Seemingly on the cancellation bubble since its debut, Fringe is the rare endangered show that not only deserves to be saved but has markedly improved over time. Where Season One was decidedly hit or miss with its mixture of standalone monster of the week and complex conspiracy episodes, Season Two was sporadically great when it focused on the parallel universe and Walter’s desperate attempts to conceal Peter’s secret origin, leading up to a spellbinding trip to the other side as the season closed. Season Three was a chance for the creators to finally convince viewers they had figured out what the show was about, and they knocked it out of the park.
Instead of wasting time on throwaway standalone episodes, each episode of Season Three built on the previous one and expanded the grand scope of the parallel universe concept while tracking the creation of a doomsday device on the other side. This opened up the show to some delicious dual character roles, especially for Walter/Walternate (John Noble) and Olivia/Fauxlivia (Anna Torv). Well, in the case of Olivia it was actually a triple role since she temporarily channeled the spirit of William Bell (Leonard Nimoy) with surprisingly effective Nimoy inflection. John Noble still easily stole the season’s acting crown though, with his charmingly befuddled Walter character a nearly polar opposite to his focused and deadly Walternate.
Meanwhile, Joshua Jackson still drifted along as Pacey…er, Peter, still trying to find his place in the show after three years. In his defense, the show still doesn’t seem to know what to do with him, ultimately just making him a pawn in the war between the two sides and two Walters. Sure, there’s the half-hearted and inevitable romance with both Olivias, but he’s still more a plot point than a protagonist, making the shocking conclusion of the season not all that shocking after all. That’s not to say it’s not a great setup for Season Four, because it’s nearly as good as Season Two’s cliffhanger, but there won’t be much of a gaping hole to fill while they resolve the new direction.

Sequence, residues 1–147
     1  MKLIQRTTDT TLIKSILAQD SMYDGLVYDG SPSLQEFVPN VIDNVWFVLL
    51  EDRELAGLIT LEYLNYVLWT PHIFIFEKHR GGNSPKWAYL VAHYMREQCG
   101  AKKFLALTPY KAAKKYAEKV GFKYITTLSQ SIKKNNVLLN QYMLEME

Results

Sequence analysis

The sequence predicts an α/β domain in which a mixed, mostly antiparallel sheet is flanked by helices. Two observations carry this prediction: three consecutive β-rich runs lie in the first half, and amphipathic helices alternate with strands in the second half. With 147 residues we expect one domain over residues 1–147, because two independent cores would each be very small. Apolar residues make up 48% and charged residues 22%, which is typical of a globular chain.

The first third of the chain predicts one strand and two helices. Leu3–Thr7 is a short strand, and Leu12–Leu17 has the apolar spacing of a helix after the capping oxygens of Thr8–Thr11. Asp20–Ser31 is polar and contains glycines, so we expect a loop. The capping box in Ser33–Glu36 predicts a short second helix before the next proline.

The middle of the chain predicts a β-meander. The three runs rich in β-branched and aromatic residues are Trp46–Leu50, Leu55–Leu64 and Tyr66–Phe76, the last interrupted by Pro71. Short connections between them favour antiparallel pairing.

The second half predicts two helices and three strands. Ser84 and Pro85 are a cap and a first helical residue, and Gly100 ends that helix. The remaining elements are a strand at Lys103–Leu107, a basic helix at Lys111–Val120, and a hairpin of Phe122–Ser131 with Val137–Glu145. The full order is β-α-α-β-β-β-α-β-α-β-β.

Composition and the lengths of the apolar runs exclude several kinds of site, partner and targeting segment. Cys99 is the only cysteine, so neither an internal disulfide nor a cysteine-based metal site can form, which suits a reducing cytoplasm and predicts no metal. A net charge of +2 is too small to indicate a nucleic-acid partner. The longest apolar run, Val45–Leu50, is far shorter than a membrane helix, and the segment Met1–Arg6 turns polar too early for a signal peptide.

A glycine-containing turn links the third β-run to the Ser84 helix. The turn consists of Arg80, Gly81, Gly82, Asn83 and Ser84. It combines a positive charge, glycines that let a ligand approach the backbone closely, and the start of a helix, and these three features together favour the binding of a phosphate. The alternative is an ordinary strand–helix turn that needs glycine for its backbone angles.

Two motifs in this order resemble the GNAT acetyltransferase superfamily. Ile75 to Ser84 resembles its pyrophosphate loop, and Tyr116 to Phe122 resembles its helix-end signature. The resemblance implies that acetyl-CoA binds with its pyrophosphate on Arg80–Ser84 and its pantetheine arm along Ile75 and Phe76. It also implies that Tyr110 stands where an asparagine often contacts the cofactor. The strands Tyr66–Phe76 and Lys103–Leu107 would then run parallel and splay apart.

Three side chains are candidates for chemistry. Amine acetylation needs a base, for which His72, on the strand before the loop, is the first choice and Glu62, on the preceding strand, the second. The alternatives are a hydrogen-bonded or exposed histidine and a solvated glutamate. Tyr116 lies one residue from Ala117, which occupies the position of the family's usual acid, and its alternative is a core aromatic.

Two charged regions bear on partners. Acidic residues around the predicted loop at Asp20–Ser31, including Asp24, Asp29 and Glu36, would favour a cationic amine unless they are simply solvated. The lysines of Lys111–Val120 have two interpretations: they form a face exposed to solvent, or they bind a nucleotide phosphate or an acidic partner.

Since the show plays out like a season-long movie, the Blu-ray format is ideal for experiencing its visceral audiovisual thrills in pristine 1080p and DTS HD-Master Audio. The effects approach theatrical quality and the overall production values of the show ensure that the hi-def format is worth the extra investment. The box set is packed with over three hours of extras including a look at the animation process for the innovative “Lysergic Acid Diethylamide” episode, commentary on two episodes, a gag reel, and an exclusive Blu-ray bonus that provides pop-up commentaries and featurettes during the “Os” episode.
Fringe: The Complete Third Season is now available on Blu-ray and DVD in just enough time for a viewing marathon before Season Four debuts later this month.